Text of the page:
Sunday March 1, 2015
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I almost hate reporting something like this because I am getting very gun-shy about the short, detail-free stories I so often see that start with "Associated Press." I almost never can get the follow-up information needed to have the story make some sense.
This one, though, ought to be different because of where it happened.
Here's what happened yesterday — Christmas Day — at Sky Harbor Airport.
Someone in the spotted a man climbing the perimeter fence and issued an intruder alert. As they watched the man running they could see that he was headed for a Southwest Airlines jet sitting on a taxiway, so they alerted the pilot who shut down his engines to avoid ingesting the man onto one of them, something that will ruin your day if it happens to you.
The man began pounding on one of the engines. Why he did it was not reported. He was, of course, arrested, and it is loosely reported that he was impaired, either by drugs or alcohol, or both.
That, at the moment, is all we know, but it's fascinating to speculate why some nut would climb a fence and run out on active taxiway where a jet sat with its engines turning over.
Anyone care to a shot at what he was up to? On Christmas Day?
• Waiting for Santa to land?
• Trolling for reindeer?
Maybe he was trying to get someone off the plane.
The following is a true story.
My youngest son and I flew to Lake Havasu City in 1969. It was a 20 passenger plane.
We were the only ones on it. The seat belt light never did go off so my son and I were sitting there waiting and the plane started to take off again for Las Vegas. My husband was standing there with a man that worked for the airport, he told him, my wife is on that plane. That is her suitcase they unloaded.
The man ran out and beat on the side of the plane, the pilot cut the engine and ask him what was wrong. He told him the passengers wanted off. Good thing that damn light went off and we got off the plane or I would have killed the pilot when we got to Las Vegas if not before.
I hate airplanes and only fly when absolutely necessary.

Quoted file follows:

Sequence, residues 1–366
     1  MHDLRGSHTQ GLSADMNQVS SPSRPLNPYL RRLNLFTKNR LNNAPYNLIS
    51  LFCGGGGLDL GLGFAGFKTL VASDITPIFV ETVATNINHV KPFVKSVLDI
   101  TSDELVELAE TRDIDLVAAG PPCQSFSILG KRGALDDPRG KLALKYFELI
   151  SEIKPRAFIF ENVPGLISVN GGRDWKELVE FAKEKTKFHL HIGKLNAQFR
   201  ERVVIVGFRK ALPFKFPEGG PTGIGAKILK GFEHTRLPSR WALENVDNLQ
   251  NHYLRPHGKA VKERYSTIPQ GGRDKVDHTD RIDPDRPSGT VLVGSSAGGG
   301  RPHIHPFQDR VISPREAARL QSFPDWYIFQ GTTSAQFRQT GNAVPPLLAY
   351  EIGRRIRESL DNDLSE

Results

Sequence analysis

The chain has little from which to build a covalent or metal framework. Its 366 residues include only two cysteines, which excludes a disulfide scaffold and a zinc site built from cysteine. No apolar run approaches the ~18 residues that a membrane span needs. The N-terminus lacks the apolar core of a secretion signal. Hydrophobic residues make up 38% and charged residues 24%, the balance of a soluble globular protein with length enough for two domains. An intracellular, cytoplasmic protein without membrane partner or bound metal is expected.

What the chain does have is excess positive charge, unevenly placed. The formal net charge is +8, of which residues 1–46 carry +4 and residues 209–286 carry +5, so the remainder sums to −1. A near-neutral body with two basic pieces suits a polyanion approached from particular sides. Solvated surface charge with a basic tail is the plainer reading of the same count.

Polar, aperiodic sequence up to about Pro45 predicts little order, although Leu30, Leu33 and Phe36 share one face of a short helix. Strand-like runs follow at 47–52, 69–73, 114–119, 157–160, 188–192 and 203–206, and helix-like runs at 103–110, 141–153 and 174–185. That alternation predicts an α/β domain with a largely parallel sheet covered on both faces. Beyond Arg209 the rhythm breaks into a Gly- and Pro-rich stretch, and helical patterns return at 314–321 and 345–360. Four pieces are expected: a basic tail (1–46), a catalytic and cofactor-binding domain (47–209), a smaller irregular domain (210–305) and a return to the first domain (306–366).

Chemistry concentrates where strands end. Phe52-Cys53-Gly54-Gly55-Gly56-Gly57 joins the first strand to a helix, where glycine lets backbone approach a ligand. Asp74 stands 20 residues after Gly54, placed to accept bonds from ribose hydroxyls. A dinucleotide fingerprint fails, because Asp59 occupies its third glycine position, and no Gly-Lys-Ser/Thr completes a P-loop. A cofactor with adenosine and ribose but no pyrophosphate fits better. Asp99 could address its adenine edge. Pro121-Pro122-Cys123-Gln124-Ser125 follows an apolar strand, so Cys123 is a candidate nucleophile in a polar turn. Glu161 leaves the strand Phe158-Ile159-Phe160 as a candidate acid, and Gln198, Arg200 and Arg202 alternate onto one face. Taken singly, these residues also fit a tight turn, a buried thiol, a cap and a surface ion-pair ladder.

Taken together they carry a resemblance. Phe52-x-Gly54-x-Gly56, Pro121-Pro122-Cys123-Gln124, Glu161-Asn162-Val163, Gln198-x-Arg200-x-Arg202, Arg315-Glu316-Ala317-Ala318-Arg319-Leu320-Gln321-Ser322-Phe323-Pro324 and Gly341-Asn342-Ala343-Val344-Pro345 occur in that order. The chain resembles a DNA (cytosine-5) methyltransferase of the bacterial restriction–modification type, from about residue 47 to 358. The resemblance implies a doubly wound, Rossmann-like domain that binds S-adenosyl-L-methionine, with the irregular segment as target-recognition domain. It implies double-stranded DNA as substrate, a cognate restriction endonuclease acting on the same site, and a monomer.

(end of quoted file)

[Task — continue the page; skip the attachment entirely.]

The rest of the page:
Some people thought it was funny later, but I never have.
I could write a book about my life but no one would believe it.
Tom, it is called "suicide by engine". Has happened in Asia more than once. Very ugly and exceedingly messy.
Pat, I sincerely doubt that this impaired man was trying to get the attention of the Pilot to get a passenger off. He climbed the perimeter fence. He is a whacko. As for your flight to Lake Havasu City...even on a 20 passenger plane there are flight attendants, even in 1969. Where were they while you and your son sat passively in your seats waiting for a little light to go off? What about the other passengers?
"Very ugly and exceedingly messy."
I suspect you're right, Kim. That's the first thing that occurred to me. What other reason is there to climb a fence and go running out to an aircraft with turning engines? Looking for a space-a seat?
Having seen the results of a jet engine ingestion, I know what you mean. A whirling jet engine, like justice, grinds exceeding fine.
I've have watched a lot of things happen in the skies or on the ground at airfields. A lot of things! In the very first one it rained people parts and aircraft parts all over the base. That was a lesson. I was strolling from the barracks to the mess hall, which was just across the road, when everyone in sight starting yelling, "Look out, Garrett! Look out!" That was when I learned something about humans and animals; we do not look up. I wondered what the hey all those nuts were yelling about — until someone finally pointed up! Right over me was the tail section of a C-47, spiraling right at me! Fortunately, it took a last minute dip, and instead of landing on me, our barracks, or the mess hall, it came down with a terrific WHO-O-OMP two hundred feet away in a field. What had happened? A fighter jet had come out of cloud and done a nose-to-nose with a passenger aircraft carrying the entire headquarters inspection staff of the Air Defense Command, including both the ADC Commander and his lieutenant commander — something under 35 people including the aircrew and the jet pilot, who oddly enough came down still strapped into his seat in the jet which did a not-too-bad crash and burn out in the boondocks of the base.